Children's Mental Health Week 5-11 Feb 2024
This week is a national mental health awareness week with the theme of 'My Voice Matters'; empowering young people, giving them the tools to express themselves, and enable them to build their self-esteem and wellbeing.
Please visit Improving children’s and young people's mental health – Place2Be for lots of information and support.
10 Tips for Young People to look after your mental health:
1. Don’t keep it all to yourself and spend too much time in your own head. This can sometimes make it keep piling up, and make you feel worse.
2. Talk to someone you trust and feel comfortable with– a teacher, parent, sibling, cousin, friend... if you can’t think of anyone and need to talk, try talking to someone like Shout by texting SHOUT to 85258 for free.
3. Write your thoughts and feelings down.
4. Keep in contact with people, don’t isolate yourself.
5. Don’t dismiss your feelings because you think they aren’t valid. Everything you feel is valid and important to you.
6. Focus on the good parts of your life and doing what you love, rather than the negative.
7. If you feel like harming yourself then tell someone you trust and distract yourself in the meanwhile.
8. Do something you enjoy to help you relax and have a break – watch a film, play a game, watch your favourite YouTuber, listen to music.
9. Be your own best friend because at the end of the day, you’re stuck with you – so look after yourself!
10. Remember that you’re not alone, even if it sometimes feels like you are.
ASK FOR HELP Let your family, friends, and teachers know if you are struggling so that they can support you. If you’re feeling overwhelmed and need to talk:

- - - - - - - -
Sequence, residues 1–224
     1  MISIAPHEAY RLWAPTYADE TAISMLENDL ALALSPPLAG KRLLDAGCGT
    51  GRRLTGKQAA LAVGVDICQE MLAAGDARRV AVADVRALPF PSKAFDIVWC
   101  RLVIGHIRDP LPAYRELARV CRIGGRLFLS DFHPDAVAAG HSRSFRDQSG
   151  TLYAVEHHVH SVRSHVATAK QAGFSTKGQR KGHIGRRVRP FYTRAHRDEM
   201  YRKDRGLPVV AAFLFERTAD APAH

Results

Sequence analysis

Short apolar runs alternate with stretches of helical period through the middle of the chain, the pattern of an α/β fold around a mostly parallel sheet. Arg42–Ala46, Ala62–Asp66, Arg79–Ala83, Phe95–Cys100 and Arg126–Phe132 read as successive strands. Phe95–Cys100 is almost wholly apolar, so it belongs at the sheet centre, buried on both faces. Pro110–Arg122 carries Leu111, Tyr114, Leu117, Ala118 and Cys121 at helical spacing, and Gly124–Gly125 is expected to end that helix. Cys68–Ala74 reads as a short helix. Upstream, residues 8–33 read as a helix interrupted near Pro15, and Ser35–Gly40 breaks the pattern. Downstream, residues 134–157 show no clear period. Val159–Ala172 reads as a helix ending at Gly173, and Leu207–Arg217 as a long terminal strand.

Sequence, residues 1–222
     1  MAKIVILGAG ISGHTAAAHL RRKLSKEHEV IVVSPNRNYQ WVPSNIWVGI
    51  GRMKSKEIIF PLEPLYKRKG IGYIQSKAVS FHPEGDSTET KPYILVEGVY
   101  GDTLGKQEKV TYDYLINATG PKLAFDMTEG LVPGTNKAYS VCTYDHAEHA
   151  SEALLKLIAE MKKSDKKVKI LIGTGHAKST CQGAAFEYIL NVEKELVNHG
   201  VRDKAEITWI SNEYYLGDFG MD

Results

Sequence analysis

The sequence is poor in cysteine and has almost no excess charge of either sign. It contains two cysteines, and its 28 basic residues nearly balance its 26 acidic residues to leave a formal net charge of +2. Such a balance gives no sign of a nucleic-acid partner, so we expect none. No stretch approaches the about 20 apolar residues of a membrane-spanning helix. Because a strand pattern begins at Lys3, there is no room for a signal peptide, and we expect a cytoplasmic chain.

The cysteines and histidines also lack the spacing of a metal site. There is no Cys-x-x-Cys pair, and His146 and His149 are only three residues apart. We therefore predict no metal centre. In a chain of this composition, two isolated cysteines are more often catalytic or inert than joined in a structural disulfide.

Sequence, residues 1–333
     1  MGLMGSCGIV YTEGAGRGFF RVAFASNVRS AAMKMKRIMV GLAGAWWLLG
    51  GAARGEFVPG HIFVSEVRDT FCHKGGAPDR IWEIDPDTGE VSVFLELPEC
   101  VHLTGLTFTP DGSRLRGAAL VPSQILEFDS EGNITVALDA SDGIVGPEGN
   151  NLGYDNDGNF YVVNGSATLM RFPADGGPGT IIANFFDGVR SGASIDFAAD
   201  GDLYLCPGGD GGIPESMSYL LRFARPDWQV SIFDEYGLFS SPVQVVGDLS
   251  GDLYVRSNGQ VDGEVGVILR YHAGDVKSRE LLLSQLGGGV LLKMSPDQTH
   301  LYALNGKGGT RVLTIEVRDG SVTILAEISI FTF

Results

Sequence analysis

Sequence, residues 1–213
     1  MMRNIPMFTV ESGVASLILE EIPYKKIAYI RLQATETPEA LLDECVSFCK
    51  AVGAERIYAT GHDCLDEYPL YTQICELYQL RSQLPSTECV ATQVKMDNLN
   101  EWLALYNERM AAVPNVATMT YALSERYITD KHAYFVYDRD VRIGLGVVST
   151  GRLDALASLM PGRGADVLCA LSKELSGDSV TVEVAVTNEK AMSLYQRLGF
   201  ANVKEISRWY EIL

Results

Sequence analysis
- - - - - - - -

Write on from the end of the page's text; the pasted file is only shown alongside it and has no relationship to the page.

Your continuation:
• Text P2B to 85258 for free to speak to Shout
• Call 0800 1111 to speak to Childline, or visit childline.org.uk for their free online chat
• Visit place2be.org.uk/help for more advice CHILDRENSMENTALHEALTHWEEK.ORG.UK *With thanks to students at Steward
10 Tips for Families - talking to your child about mental health
1. We don’t need to have ‘one-off conversations about our mental health’ – sometimes a chat on a journey or at bedtime is enough.
2. I need to know it’s okay to talk to you about any and all of my feelings. Please hear what I have to say, without interrupting me.
3. Please listen to me carefully and acknowledge how I am feeling – it might seem silly to you but what I am going through is important to me.
4. Playing with pets can make me feel better. Same with playing football, basketball or whatever type of sport I am into.
5. Don’t compare my experiences to your own when you were a child.
6. Sometimes I just need you to listen and hear what I’m saying – I don’t always need answers (or lectures).
7. Please don’t worry about trying to fix things for me – I often just need to know you are there for me and understand what I am going through.
8. If you are open with me about your feelings, this can help me to be more open about mine.
9. Sometimes I don’t want to talk. Please trust that I will come to you (or another grown-up or someone my own age) when I’m ready. Sometimes it’s easier for me to talk to someone nearer my own age – my siblings, cousins, friends, younger teachers at school - because they ‘get it’.
10. Sometimes a hug is all it takes to make me feel supported.